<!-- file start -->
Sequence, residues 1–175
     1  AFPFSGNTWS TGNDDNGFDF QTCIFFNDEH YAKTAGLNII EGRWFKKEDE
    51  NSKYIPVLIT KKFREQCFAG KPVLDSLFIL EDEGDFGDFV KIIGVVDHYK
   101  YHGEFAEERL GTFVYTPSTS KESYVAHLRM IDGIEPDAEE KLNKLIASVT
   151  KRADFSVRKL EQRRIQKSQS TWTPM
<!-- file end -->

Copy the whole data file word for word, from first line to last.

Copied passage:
Sequence, residues 1–175
     1  AFPFSGNTWS TGNDDNGFDF QTCIFFNDEH YAKTAGLNII EGRWFKKEDE
    51  NSKYIPVLIT KKFREQCFAG KPVLDSLFIL EDEGDFGDFV KIIGVVDHYK
   101  YHGEFAEERL GTFVYTPSTS KESYVAHLRM IDGIEPDAEE KLNKLIASVT
   151  KRADFSVRKL EQRRIQKSQS TWTPM